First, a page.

The fabric I used was all from my stash. The main body is inside-out denim (left over from my Dad’s apron and my ovenglove-a-thon) with some lighter denim for the straps and zip bits. I cut into a very precious fat quarter of Kokka linen for the main pocket.
Here are some of the things I did differently this time: (skip this bit if you aren’t intending to sew one!)
* read the pattern properly! last time I didn’t realise I had to stitch the straps to the top of the bag outer, which meant it was all a funny shape and flopped over. In my defence it’s easy to miss this bit in the instructions.
*I chose the same fabric for the bag outer all the way up (and behind the straps) – last time I had 2 different fabrics, which meant when the bag was picked up you could see the different fabric poking out from behind the outer pocket.
*I did a front pocket with a facing piece rather than a fully lined pocket and I added piping this time, which I love the look of. For some inspiring piping see Mary’s Super Tote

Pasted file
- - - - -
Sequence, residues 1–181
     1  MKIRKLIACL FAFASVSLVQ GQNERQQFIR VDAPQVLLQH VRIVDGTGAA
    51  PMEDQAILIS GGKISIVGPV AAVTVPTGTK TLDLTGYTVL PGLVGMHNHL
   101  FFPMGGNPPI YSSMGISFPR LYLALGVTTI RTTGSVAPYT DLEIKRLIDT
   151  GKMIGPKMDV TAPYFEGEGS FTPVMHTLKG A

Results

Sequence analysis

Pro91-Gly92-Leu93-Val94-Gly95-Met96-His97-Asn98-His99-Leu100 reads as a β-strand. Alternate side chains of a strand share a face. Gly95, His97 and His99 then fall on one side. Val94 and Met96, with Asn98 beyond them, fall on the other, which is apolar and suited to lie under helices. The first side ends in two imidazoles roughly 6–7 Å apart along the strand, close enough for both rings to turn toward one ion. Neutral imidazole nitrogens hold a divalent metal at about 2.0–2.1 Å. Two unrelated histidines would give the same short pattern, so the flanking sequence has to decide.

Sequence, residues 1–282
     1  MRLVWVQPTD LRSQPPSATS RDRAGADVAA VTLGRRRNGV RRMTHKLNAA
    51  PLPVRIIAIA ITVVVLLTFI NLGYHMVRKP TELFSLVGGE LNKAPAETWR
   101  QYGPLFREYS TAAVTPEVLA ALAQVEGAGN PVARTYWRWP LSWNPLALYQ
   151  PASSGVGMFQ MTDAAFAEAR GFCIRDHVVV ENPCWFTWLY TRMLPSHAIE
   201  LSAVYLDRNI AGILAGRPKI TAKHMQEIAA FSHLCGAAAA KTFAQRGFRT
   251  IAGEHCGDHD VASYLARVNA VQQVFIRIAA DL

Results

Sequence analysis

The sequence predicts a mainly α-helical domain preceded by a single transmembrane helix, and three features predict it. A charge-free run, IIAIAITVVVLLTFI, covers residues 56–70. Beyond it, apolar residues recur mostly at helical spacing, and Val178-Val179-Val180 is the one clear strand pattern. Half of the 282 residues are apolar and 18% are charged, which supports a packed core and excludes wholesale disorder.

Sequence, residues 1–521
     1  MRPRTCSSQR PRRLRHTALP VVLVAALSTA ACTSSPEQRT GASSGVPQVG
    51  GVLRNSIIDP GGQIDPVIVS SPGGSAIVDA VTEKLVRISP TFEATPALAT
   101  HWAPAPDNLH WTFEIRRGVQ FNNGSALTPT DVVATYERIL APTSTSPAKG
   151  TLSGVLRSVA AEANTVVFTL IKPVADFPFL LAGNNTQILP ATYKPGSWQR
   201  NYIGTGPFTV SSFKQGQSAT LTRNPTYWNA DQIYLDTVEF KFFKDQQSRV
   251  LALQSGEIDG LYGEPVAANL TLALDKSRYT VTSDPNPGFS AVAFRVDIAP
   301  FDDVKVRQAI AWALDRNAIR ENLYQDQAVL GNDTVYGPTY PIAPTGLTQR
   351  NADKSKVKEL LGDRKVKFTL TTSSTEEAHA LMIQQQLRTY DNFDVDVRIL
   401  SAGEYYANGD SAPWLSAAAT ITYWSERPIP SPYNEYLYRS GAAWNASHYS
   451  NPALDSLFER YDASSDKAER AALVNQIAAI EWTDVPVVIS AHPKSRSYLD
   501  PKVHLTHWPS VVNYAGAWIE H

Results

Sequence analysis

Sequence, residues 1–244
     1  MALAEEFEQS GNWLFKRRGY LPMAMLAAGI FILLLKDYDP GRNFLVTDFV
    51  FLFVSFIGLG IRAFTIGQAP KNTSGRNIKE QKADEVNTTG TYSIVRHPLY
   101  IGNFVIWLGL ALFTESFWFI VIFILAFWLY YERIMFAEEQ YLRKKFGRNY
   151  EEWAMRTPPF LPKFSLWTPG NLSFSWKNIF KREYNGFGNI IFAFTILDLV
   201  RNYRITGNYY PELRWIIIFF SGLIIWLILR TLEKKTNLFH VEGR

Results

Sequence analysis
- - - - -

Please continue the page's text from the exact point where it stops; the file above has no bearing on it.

*I added a zip pocket inside the front pocket (confused!?). I used the front pocket a lot for my phone last time but found the little slip pocket that I added was too high up and when I bent over my phone fell out! So this time it’s nice and secure and it’s a lovely text-print lining.
*I added a zip pocket inside the main lining. Again I didn’t bother with the elasticated pockets as per the pattern, as I knew it would be very unlikely that I’d take the time to put things in the right places. As it’s a big bag I decided that one pocket would be useful for lip-balms and other small items to cut down on rummaging time.
*when attaching the gusset I clipped the curve on both pieces of fabric – the gusset and main lining piece, this made it WAY easier to attach. Last time I just clipped the straight piece.
*I interfaced the main bag body and straps with fusible fleece. This was quite bulky to sew but gave a much better and more sturdy finish than the woven interfacing I used last time. Its a heavy bag and it needs a lot of structure to make the shape work.
So in conclusion – it’s worth having another go at a tricky pattern. I totally love and am very happy with this one. Here are some photos.